However, simply starting by discussing pros and cons of specific reform proposals is potentially misleading. It is necessary to be clear about the main objectives first. What should a reform achieve? What should the main political priorities be? Two objectives should be focussed on when it comes to reforming the EU’s fiscal rules: 1) countering the current pro-cyclical bias and ensuring that all countries can recover swiftly from the crisis, and 2) making space for public-led investment initiatives.
No more pro-cyclical rules
The current fiscal rules are characterised by a pro-cyclical bias, which was particularly clear during the years of fiscal austerity from 2010 onwards. In several member states, applying the fiscal rules has contributed to unnecessarily deepening and prolonging economic downturns, leading to avoidable social hardship. However, the rules have also failed to ensure countercyclical fiscal policies during the ‘good times’ before the financial crisis.
This pro-cyclical bias has triggered unintended political consequences: in several member states, political polarisation has increased in the aftermath of the financial crisis against the background of excessively tight fiscal policies, which have produced rising anti-EU sentiment in several member countries. Strictly applying the EU fiscal rules demands government spending cuts and tax increases from crisis-ridden countries at the wrong time, stifling the economy, holding back recovery and, by consequence, undermining a reduction of crisis-related increases in public-debt-to-GDP ratios via higher economic growth.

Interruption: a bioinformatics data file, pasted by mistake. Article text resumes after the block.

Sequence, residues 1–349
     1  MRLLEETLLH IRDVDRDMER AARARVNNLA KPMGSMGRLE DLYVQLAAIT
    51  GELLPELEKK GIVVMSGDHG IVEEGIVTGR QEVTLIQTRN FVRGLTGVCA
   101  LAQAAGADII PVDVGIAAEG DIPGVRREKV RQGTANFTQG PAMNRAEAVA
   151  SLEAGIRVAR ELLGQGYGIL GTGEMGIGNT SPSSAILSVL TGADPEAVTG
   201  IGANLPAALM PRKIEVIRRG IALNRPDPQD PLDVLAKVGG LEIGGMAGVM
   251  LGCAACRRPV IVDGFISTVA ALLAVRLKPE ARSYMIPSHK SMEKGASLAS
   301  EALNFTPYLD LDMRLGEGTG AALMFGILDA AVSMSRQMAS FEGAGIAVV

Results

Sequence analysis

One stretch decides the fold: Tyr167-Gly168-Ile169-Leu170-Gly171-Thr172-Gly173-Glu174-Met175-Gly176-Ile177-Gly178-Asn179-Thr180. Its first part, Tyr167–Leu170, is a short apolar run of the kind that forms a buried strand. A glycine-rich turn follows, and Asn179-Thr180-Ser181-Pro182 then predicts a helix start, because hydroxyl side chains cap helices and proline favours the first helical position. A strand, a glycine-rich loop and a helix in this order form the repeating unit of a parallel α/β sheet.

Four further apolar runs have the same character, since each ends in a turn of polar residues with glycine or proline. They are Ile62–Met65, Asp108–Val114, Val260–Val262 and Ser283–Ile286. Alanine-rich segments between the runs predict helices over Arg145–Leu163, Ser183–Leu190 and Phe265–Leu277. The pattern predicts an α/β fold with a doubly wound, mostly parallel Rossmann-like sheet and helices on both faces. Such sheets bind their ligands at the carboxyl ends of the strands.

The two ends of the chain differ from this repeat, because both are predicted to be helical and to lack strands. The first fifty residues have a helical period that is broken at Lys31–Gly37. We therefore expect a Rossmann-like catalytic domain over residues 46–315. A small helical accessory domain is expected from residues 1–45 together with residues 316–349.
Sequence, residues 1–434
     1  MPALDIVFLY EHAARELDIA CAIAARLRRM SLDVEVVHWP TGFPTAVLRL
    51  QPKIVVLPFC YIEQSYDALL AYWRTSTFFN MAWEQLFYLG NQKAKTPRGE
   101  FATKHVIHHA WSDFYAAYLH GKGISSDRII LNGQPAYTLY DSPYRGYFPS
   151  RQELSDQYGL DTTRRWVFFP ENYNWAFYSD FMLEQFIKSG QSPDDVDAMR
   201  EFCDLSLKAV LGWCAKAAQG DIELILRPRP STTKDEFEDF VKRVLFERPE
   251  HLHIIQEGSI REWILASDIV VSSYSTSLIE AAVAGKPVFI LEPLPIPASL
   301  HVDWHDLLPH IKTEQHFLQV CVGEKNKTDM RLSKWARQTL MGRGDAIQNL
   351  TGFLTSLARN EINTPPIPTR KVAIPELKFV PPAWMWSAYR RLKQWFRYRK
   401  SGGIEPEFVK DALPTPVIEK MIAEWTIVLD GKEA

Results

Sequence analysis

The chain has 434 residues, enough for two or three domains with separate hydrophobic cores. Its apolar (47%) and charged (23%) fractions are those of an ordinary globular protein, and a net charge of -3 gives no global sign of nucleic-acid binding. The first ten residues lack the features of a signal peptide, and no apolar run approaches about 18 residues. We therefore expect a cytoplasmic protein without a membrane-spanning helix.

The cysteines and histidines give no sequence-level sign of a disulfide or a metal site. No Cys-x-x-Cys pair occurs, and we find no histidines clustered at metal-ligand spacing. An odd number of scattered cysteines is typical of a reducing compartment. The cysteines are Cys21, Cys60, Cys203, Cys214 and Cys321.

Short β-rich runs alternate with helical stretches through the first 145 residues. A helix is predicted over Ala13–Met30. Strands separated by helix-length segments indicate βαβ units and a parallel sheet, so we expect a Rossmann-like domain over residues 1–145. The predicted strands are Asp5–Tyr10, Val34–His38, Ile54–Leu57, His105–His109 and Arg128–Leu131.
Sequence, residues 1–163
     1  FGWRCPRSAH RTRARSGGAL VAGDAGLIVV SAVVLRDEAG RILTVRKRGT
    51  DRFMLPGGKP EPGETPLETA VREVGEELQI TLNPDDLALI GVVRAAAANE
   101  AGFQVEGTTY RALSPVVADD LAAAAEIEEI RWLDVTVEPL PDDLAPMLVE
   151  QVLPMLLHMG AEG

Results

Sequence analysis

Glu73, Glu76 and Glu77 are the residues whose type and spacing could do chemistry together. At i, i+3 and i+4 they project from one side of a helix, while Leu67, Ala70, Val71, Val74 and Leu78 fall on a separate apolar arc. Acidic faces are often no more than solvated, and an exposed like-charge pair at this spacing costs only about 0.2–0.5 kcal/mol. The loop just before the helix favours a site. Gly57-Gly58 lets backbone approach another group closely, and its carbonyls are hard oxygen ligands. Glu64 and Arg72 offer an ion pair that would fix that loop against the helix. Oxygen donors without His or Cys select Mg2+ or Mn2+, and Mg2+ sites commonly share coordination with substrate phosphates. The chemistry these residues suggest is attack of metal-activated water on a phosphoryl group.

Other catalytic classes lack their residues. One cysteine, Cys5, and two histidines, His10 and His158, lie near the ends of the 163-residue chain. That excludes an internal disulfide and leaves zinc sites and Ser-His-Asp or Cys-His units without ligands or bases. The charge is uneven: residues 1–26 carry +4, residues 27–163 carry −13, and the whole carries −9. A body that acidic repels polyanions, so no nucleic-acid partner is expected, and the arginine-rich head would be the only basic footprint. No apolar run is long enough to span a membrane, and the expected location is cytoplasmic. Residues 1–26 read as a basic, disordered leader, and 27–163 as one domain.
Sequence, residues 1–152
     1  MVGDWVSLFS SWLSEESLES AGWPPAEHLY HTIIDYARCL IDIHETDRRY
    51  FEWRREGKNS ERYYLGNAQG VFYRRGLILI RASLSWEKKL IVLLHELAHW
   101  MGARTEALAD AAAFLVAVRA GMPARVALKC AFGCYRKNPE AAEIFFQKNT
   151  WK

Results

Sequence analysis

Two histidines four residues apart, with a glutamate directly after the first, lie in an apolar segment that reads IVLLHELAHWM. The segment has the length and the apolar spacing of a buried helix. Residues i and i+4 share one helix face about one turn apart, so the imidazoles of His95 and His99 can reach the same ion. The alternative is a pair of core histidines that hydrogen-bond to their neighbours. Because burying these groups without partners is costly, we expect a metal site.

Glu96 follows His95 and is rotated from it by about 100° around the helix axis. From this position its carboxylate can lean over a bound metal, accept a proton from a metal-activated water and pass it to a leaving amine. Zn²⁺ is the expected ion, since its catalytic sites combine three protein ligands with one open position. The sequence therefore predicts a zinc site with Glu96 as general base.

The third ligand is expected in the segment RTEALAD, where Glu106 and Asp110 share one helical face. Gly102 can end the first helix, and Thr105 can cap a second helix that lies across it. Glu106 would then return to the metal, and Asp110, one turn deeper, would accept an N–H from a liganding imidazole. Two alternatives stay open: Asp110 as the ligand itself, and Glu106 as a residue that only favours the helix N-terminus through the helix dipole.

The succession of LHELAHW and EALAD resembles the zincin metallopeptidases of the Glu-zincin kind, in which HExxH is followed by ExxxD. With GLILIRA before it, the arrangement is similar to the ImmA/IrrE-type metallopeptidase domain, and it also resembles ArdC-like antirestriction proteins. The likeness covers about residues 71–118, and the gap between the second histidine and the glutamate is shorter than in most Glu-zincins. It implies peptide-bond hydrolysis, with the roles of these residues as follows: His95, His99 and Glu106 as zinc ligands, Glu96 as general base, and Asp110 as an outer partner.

Against the background of low interest rates, fiscal policy has become the prime tool for macroeconomic stabilisation. The macroeconomic environment has changed in profound ways, indicated by persistently low inflation and interest rates, and this must be accounted for when thinking about the future fiscal stance in member countries. A main focus of reforming the fiscal rules should be to eliminate the pro-cyclical bias, which has caused large economic and social costs across Europe.
In this context, the technical details of the rules are of high political relevance: cyclically-adjusted fiscal variables – which are based on the idea of correcting headline fiscal balances for the effect of the business cycle on government revenues and spending – are currently crucial for medium-term budgetary objectives of member states. Biases in estimating these cyclically-adjusted fiscal variables have promoted counterproductive pro-cyclical fiscal policies. Whatever the final reforms look like in detail, we urgently need to solve the underlying technical problems, which imply a tendency of revising downwards the fiscal space of member states in times of economic stress.